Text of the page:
I recently read from Toni Morrison, about relying on imagination when narrating about lives enslaved. About how imaginations can make enslaved people thrive despite their circumstances. About how it can also make life hopeful despite the hurdles in advance. Life for enslaved people were dire, desolate, despairing, and full of dread. Imaginations is the only place where freedom truly existed. At least for us the living at a time when celebrating Juneteenth is finally a federal holiday. That enslaved people could celebrate this day seems unreal but it’s real, though denied for centuries. So imaginations are all we have left. And so I imagine the following.

On this day 156 years ago, there is a dance you will dance knowing you are free. I imagine that’s what enslaved people did on Juneteenth day: Enslaved people danced. A hopeful stance. They reveled in trance. Savoring every chance. To finally rain dance. Finally dream dance. Finally ghost dance. Finally war dance. Finally bend and snap dance. Finally ballet dance. Finally tap dance. Finally sun dance. And finally folk dance. As they finally lifted themselves up despite all the hurdles in advance.

I imagine they danced all sorts of dance, because they were free. In place of their dire, desolate, despairing and dreadful state, they danced, to make it easy to forget they were still enslaved despite being free. We still carry their scares even today. So for me, even though freedom still seems far, I will keep dancing like they did on the first Juneteenth day and beyond. We are still the pleasant dreams of our ancestors. The stories they passed on. Of a time when dreams won’t be denied or hopes ignored. We still have miles to go.

But for today, for them, we dance. A hopeful stance. We too revel in trance. We savor every chance. We rain dance. We dream dance. We ghost dance. We war dance. We bend and snap dance. We ballet dance. We tap dance. We sun dance. And we folk dance. We lift us up despite the hurdles in advance. For them we keep dancing. (Inspired by Toni Morrison’s The Origin of Others).

My infant son plays with his feet with confidence. He received a toy set from a dear friend that allows him to use his feet to play with a toy piano. When we initially introduced him to the toy at around 1 month of age, he would just sit there and not interact with it. Granted he was still making sense of his world after only just leaving a dark womb 30 days ago and so his interactions with everything were very minimal. But recently and now at 3 months of age, I introduced the toy set to him again and he was in love. His eyes lit up to all the colors of the toy piano. He became determined to master the toy and boy did his determination pay off. It helped him learn to play with his feet, and he played over and over again, playing tunes on the toy piano. Truly, how he make sense of his world fascinates me, especially how he learns, and how he adjusts to life playing with his feet. And he is playing away.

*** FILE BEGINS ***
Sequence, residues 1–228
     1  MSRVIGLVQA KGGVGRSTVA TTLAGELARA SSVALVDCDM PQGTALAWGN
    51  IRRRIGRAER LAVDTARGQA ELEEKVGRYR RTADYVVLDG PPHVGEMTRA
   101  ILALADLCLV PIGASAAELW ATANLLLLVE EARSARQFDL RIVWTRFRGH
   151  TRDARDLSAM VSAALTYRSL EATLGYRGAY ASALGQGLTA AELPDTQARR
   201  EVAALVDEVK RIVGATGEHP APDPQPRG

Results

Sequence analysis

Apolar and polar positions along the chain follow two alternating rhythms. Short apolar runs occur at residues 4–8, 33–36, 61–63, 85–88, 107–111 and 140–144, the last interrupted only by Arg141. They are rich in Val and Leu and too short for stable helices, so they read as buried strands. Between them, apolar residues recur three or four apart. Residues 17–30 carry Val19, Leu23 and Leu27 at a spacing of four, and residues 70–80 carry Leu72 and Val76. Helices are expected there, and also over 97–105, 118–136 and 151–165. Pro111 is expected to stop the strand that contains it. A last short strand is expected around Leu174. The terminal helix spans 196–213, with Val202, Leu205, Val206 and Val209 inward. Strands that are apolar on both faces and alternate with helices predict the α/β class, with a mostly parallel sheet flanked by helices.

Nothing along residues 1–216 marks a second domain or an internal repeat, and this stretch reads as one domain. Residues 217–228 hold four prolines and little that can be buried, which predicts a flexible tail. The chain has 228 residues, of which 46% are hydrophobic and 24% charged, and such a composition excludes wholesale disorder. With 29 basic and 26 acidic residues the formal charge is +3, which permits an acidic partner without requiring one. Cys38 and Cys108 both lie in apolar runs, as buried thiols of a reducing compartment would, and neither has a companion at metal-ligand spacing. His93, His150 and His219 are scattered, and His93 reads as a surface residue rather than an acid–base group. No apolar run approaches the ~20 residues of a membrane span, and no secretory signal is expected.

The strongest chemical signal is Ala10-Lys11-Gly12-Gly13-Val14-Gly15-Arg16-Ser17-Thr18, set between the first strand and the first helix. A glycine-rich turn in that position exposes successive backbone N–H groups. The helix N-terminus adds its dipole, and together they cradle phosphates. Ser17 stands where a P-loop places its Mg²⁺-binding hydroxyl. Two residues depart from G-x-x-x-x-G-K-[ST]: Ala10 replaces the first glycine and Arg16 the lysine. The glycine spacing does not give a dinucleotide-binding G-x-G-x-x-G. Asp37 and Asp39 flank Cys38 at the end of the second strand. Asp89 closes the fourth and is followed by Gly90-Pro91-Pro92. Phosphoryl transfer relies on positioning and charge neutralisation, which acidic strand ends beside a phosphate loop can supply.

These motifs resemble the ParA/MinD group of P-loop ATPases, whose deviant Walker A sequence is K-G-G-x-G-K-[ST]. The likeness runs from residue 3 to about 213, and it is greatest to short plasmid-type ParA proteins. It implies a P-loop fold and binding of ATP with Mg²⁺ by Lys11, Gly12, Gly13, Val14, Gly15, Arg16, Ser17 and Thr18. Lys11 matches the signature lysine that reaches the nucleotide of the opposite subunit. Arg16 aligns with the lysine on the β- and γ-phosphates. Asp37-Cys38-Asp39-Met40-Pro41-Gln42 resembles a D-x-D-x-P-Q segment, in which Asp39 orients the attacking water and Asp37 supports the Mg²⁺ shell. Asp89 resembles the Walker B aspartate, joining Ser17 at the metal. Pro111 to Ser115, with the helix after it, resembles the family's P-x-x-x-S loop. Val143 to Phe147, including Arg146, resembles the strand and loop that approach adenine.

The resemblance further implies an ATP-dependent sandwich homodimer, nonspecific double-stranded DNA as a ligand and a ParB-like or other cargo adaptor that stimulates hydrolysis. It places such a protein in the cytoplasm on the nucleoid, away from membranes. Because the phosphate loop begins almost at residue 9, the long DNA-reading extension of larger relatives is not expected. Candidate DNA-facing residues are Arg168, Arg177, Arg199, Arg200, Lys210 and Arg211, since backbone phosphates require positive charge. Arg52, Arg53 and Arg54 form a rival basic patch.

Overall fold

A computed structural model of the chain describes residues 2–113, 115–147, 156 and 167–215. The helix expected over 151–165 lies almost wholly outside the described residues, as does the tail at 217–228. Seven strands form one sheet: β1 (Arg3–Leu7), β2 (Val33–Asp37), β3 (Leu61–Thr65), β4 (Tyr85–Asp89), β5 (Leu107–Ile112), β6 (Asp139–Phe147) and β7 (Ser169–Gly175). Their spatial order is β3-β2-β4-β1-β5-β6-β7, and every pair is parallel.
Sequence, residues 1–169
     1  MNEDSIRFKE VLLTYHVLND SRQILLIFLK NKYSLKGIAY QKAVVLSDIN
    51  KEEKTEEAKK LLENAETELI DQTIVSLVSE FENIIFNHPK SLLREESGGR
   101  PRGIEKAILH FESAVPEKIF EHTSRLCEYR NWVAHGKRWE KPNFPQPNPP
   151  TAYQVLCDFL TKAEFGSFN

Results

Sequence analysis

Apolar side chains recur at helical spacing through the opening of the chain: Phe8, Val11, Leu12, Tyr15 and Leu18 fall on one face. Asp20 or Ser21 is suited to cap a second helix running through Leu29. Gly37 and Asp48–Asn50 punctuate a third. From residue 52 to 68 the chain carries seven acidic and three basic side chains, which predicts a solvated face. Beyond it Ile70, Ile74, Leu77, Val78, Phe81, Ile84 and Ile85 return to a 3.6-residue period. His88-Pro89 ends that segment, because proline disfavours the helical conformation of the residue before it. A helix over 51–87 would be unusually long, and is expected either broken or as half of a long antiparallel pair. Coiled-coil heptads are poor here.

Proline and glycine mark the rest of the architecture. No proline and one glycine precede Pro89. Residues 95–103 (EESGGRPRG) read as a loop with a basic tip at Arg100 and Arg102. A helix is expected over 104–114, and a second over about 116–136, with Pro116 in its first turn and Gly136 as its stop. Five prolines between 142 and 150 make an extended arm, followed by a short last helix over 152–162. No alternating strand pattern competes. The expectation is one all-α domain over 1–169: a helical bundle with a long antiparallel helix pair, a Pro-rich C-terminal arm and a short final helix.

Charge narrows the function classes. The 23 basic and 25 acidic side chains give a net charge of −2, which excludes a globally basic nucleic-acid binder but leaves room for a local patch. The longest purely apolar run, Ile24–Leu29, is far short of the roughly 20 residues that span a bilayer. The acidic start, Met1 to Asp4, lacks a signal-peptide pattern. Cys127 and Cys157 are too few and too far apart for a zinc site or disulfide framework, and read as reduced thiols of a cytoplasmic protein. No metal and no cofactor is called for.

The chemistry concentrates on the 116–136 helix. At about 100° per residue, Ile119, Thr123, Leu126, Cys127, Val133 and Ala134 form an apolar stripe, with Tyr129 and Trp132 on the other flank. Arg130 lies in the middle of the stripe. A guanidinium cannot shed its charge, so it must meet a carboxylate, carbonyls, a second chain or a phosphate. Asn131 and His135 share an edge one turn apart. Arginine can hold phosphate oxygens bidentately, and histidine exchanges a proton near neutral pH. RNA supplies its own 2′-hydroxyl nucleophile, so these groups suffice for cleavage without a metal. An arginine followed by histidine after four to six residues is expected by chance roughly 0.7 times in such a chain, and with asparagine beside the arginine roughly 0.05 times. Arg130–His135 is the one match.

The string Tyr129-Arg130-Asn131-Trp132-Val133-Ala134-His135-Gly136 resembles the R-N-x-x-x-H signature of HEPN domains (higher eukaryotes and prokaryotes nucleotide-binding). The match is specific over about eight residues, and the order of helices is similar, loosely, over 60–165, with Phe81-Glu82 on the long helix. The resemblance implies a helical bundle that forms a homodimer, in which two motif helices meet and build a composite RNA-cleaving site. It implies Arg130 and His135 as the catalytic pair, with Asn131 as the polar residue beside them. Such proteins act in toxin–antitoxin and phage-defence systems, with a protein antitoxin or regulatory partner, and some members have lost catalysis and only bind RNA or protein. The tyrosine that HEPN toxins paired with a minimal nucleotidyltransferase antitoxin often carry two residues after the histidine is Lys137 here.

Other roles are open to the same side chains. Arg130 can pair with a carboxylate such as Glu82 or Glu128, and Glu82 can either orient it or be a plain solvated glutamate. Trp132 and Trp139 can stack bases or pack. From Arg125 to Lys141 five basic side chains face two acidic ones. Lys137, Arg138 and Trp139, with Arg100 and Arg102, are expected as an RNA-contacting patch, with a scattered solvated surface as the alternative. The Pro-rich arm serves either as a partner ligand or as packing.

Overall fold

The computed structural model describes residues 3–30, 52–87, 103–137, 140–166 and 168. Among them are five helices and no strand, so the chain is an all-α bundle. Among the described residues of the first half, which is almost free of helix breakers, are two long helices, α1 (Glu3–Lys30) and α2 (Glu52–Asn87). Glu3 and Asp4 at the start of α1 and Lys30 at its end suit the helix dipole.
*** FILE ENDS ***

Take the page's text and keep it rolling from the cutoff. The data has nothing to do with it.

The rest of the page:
My first undergraduate research job at Penn State University was for the Family Life Project, a longitudinal study of the biological, individual, family and community influences that affect rural children. As an undergraduate researcher, I was trained to code how children interacted with the toys they were presented with. Specifically, I coded an interaction whereby a child was presented with a jigsaw puzzle and watched for certain cues like; did the child reach for the toy immediately or did the child simply stare at it? Did a parent assist the child with the toy in anyway he or she chooses? The idea behind these coding was that how children interacted with a variety of developmental competencies even with something as simple as toys may lead to later success or failures not just throughout childhood but also in adolescence and adulthood. So early acquisition of skills necessary for interaction or play are in turn important for interaction with peers as well as adjustments to tasks in schools.

This study as well as my overall background in human development and family studies thanks to my undergraduate years at Penn State, is one of the key reasons why I remain fascinated with how children make sense of their world. Research from the Family Life Project would suggest that my son’s interaction (albeit one small data point) with toys are necessary for self-regulation. I say that it’s is simply delightful to watch his determination with play especially his vigorous playing with his feet. Keep playing in life or with your feet as the willpower to learn, to make sense of your world, is in you.